The National Association of Boards of Pharmacy announced today that bing.com, Microsoft’s decision engine, will now require Internet pharmacies and any other website that facilitates the sale of prescription drugs to be accredited by the NABP as part of its Verified Internet Pharmacy Practice Sites (“VIPPS”) program.
In February, Google updated its ad policy, becoming the first search engine to require VIPPS accreditation for all Internet pharmacy advertisers. LegitScript assists Google in implementing the updated policy by monitoring sponsored search results for ads that violate Google’s policy.
The NABP announcement applauds Microsoft’s policy update, and states:
In February 2008, NABP began an intensive study of Web sites selling prescription drugs and has found that, of the more than 6,000 Internet drug outlets NABP has reviewed, 96% appear to be out of compliance with pharmacy laws and practice standards. These sites dispense dangerous prescription drugs to patients without a valid prescription or medical oversight. The drugs are often unapproved for sale in the US – or any other developed country – and are often substandard, contaminated, or counterfeit.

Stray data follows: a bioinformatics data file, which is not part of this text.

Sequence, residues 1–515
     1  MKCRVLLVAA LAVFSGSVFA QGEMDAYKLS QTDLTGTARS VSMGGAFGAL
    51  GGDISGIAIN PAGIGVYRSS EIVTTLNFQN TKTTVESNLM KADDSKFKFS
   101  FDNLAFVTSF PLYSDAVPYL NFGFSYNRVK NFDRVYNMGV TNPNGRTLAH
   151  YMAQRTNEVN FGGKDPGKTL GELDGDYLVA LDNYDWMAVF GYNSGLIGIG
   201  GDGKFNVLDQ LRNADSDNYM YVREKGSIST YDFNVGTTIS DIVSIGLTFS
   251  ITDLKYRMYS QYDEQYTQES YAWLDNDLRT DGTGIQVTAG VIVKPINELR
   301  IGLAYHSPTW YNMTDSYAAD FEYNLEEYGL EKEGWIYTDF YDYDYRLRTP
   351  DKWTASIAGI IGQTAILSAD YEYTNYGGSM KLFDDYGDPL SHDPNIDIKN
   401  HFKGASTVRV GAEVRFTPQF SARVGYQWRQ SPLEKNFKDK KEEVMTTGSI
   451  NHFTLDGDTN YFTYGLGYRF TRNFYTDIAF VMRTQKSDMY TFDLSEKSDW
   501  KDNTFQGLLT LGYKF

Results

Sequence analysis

LegitScript’s findings have been similar: of the approximately 42,000 Internet pharmacies that target the US listed in our database, only 1% are verified as in compliance with US federal and state laws; another 2%-3% are likely candidates for LegitScript approval.
LegitScript joins the NABP in applauding the policy update by Microsoft, which will help protect the public by requiring Internet pharmacies that participate in Bing’s online advertising program to adhere to standards recognized by the National Association of Boards of Pharmacy.
Note: A few days after this blog post, Yahoo announced that it would follow suit. Now, all three major search engines require VIPPS accreditation for Internet pharmacy advertisers.